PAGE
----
But a miscue by Oakland with two outs in the fifth, gave the Orioles a chance to reach the 25-year-old right-hander.
Chris Davis hit a ground ball into the shift, but second baseman Eric Sogard, positioned in shallow right field, let the ball squirt through his legs for an error. Schoop singled, making it runners at the corners. Clevenger made the A's pay for the mistake.
Oakland cut the lead to one run on Canha's ninth homer of the season, but the Orioles responded in the bottom of the sixth when J.J. Hardy scored on an RBI double by Joseph.
Gray didn't make it out of the inning, and finished having allowed four runs (one earned) on seven hits and two walks in 52/3 innings. He had lasted six innings in each of his past 13 starts.
It was the first loss for Gray (12-5) since July 17. The A's (51-69) have lost seven straight and finish their season series with the Orioles at 1-6.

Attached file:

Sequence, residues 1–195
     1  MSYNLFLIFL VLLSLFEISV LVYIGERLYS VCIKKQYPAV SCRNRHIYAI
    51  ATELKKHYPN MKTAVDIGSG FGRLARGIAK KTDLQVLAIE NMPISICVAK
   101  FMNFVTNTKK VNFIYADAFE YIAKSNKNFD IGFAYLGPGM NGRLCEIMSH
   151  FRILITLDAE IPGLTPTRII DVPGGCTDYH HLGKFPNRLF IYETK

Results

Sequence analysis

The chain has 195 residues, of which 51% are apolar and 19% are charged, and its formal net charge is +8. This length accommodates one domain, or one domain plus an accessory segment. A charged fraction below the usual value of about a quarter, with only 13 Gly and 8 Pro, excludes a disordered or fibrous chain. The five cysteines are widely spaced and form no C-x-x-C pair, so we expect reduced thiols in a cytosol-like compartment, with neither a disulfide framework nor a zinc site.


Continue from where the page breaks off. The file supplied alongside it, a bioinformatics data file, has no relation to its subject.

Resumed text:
The hero of the night was Clevenger, the Baltimore kid who kept working in the minors and who hopes he's making the big league club notice him now.
"I hope so. I hope Buck is paying attention a little bit," Clevenger said with a laugh.
For what it's worth, Showalter said he is.
"Talking to him very bluntly this spring, I said 'Go down there and lead the league in hitting. You are going to be holding all the marbles at the end of this year. Present yourself attractively, with everything,'" Showalter said. "And he's done everything at every turn. That's why I'm glad he's getting a return for it. Glad we are, too."